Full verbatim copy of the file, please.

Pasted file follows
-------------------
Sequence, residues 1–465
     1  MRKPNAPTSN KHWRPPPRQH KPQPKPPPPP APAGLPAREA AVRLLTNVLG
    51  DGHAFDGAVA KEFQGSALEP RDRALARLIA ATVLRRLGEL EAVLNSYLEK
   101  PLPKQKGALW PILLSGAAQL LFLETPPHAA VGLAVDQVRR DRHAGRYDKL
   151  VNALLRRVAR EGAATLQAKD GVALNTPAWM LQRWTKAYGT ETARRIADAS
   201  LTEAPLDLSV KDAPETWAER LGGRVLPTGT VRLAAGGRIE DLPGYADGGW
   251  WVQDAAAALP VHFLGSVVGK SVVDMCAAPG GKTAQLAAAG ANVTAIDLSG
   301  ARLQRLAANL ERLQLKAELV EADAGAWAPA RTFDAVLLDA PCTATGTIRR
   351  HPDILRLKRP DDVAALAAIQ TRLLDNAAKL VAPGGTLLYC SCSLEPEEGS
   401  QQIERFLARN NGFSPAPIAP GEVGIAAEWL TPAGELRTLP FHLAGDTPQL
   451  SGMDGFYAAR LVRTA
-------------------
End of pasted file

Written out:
Sequence, residues 1–465
     1  MRKPNAPTSN KHWRPPPRQH KPQPKPPPPP APAGLPAREA AVRLLTNVLG
    51  DGHAFDGAVA KEFQGSALEP RDRALARLIA ATVLRRLGEL EAVLNSYLEK
   101  PLPKQKGALW PILLSGAAQL LFLETPPHAA VGLAVDQVRR DRHAGRYDKL
   151  VNALLRRVAR EGAATLQAKD GVALNTPAWM LQRWTKAYGT ETARRIADAS
   201  LTEAPLDLSV KDAPETWAER LGGRVLPTGT VRLAAGGRIE DLPGYADGGW
   251  WVQDAAAALP VHFLGSVVGK SVVDMCAAPG GKTAQLAAAG ANVTAIDLSG
   301  ARLQRLAANL ERLQLKAELV EADAGAWAPA RTFDAVLLDA PCTATGTIRR
   351  HPDILRLKRP DDVAALAAIQ TRLLDNAAKL VAPGGTLLYC SCSLEPEEGS
   401  QQIERFLARN NGFSPAPIAP GEVGIAAEWL TPAGELRTLP FHLAGDTPQL
   451  SGMDGFYAAR LVRTA